Driving Face Down: Poems

Driving Face Down: Poems

by Doren Robbins

Paperback

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Product Details

ISBN-13: 9780899241098
Publisher: University of Washington Press
Publication date: 01/01/2001
Pages: 72
Product dimensions: 6.00(w) x 8.50(h) x (d)
Age Range: 18 Years

Table of Contents

Part OneTwine TwineMa's MaThe SailorThe Injury in My Mouth Tells MeJewdogAbramsUkrainian BirdAnna

Part TwoCookClinicRye SeedGregor Samsa's FaceHad to BeTwo Puppets in OneFloating ForestsRattledThe Style of My Vengeance

Part ThreeMy Pico BoulevardHer FridayChaos with WaterfowlMarc Chagall and the Male SoulSome 1948Driving Face DownMaskThe Red FanBeneath the Jewish Music

What People are Saying About This

Gerald Stern

Doren Robbins combines politics and ecstacy, mourning and dancing. He is a superb poet, centered, strong, gentle, musical. He puts the drivelers to shame. He is a truth—teller.

From the Publisher

"What of the tired, the lost, the cast aside? We behold them all, revealed in their human complexity with tenderness, wit and rage in Driving Face Down, a book that's been a long time in coming. From Robbins's Chagallesque portraits to his vast, unflinching vision of LA, I admire the gritty, original, uncompromising voice that drives these rich, furious poems."—Dorianne Laux, Final Judge for 2000 Competition

"Doren Robbins combines politics and ecstacy, mourning and dancing. He is a superb poet, centered, strong, gentle, musical. He puts the drivelers to shame. He is a truth—teller."—Gerald Stern

"Robbins' work sounds very little like most of what is being published in America by poets his age. . . . He comes out of another tradition, one we forget in these indifferent times at our own peril, the tradition of Villon, of Corbiere, Celine, Henry Miller, Tom McGrath, and most recently Gerald Stern, the great outsiders who bless our daily lives with their boundless love and rage."—Philip Levine

Dorianne Laux

What of the tired, the lost, the cast aside? We behold them all, revealed in their human complexity with tenderness, wit and rage in Driving Face Down, a book that's been a long time in coming. From Robbins's Chagallesque portraits to his vast, unflinching vision of LA, I admire the gritty, original, uncompromising voice that drives these rich, furious poems.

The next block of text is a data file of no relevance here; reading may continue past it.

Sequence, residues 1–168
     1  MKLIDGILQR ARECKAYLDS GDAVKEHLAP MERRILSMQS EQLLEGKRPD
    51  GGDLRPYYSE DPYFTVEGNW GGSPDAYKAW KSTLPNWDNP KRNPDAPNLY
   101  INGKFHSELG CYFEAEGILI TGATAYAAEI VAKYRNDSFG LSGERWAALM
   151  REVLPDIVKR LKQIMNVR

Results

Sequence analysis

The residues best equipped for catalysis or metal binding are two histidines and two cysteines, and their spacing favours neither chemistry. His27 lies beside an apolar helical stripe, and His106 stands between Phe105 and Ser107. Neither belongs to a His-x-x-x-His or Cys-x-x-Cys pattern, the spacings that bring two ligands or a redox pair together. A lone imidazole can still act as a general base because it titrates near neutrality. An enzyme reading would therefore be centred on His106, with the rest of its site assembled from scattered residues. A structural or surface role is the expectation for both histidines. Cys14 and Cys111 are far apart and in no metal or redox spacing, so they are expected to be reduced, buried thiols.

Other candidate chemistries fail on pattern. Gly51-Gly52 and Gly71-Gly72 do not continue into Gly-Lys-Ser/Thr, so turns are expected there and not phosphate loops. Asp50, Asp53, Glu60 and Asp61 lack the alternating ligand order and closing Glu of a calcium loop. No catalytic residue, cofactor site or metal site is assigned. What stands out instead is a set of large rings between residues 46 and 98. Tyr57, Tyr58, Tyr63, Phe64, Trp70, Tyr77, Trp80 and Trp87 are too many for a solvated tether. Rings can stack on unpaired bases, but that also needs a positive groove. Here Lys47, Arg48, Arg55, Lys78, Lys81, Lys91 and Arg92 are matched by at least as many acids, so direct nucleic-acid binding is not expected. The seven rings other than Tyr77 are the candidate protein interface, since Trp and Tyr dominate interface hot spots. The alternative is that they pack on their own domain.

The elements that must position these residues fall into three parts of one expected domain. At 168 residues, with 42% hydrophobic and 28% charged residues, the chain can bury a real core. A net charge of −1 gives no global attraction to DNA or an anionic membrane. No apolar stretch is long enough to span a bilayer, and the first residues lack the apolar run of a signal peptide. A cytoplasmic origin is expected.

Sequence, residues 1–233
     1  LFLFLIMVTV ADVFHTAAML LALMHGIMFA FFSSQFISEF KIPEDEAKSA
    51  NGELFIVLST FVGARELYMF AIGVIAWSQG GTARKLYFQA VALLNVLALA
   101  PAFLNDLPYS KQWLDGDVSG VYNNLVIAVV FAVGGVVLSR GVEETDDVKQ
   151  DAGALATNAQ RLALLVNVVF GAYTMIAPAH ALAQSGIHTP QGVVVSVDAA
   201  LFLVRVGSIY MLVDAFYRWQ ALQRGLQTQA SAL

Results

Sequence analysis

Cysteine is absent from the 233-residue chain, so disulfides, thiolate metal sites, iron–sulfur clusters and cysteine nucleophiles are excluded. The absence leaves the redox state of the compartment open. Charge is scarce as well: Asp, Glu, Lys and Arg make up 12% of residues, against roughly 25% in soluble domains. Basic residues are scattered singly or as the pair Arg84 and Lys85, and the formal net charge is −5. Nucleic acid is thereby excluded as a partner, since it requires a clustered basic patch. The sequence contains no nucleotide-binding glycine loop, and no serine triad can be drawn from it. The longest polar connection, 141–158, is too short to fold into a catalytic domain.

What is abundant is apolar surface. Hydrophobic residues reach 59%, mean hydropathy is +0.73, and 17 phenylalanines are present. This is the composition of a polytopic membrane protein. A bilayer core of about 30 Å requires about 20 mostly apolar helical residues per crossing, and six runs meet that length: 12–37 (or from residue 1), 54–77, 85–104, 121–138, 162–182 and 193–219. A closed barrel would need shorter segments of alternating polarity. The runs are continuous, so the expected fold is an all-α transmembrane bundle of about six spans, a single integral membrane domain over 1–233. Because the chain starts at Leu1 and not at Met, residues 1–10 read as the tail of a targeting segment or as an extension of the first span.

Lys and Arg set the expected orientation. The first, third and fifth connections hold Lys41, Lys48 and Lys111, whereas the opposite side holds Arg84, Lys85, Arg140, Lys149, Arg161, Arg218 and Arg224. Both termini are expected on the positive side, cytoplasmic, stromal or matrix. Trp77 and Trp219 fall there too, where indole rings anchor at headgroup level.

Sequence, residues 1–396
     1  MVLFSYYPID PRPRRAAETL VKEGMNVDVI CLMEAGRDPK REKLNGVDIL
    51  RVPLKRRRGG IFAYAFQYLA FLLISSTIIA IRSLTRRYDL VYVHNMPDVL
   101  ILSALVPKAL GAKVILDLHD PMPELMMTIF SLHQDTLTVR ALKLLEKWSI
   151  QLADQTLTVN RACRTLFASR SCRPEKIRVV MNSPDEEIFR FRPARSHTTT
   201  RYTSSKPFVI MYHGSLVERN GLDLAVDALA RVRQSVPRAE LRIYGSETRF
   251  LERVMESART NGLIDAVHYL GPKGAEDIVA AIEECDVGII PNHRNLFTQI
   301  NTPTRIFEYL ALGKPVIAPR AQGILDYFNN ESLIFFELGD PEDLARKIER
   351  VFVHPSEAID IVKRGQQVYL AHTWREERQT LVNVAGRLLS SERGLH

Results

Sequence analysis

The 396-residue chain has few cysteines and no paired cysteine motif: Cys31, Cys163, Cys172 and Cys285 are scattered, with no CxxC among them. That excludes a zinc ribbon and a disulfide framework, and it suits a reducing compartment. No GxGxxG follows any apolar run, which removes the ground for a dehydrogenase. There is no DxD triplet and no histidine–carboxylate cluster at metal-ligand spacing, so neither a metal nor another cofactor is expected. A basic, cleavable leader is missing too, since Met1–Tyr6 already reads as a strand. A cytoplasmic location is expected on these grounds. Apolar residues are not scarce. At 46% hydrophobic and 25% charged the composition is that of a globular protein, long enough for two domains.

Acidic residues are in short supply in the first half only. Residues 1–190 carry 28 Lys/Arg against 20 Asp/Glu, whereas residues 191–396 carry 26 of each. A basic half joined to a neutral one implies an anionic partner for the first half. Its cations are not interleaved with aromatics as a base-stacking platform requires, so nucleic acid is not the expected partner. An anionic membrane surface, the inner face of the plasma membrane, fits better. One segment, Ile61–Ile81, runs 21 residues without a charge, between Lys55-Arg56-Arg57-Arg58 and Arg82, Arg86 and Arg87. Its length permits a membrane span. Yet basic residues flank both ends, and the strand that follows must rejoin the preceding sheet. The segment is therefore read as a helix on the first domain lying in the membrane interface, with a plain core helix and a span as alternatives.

Philip Levine

Robbins' work sounds very little like most of what is being published in America by poets his age. . . . He comes out of another tradition, one we forget in these indifferent times at our own peril, the tradition of Villon, of Corbiere, Celine, Henry Miller, Tom McGrath, and most recently Gerald Stern, the great outsiders who bless our daily lives with their boundless love and rage.

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5 out of 5 based on 0 ratings. 1 reviews.
Guest More than 1 year ago
The poems in this book have been compared to those of Villon, Corbiere, Thomas McGrath, and Gerald Stern, but this is the work of an American original. His voice is strong, rhythmic, and to the point, not bitter but fully aware of the world's realities, as well as love's complexities. There are poems about work, relatives, the Holocaust, urban existence, and every one of them tells it like it is. In that sense the book is deep because the poems are emotional without being sentimental. In the poem "Rattled," he writes, "What I'm about/is a rattle, the kind/you can see the wood grain/showing in the stem,/not one with a slick painted handle...and I need to shake up/ the flying embyo broken off/inside of it. Not just any rattle will do." There are, in my opinion, a few worthy mid-career poets currently worth reading, among them: Dorianne Laux, Gary Soto, Yusef Komunayakaa, Kim Addonizio, and with this award-winning book, Doren Robbins. This book of poems is a real discovery.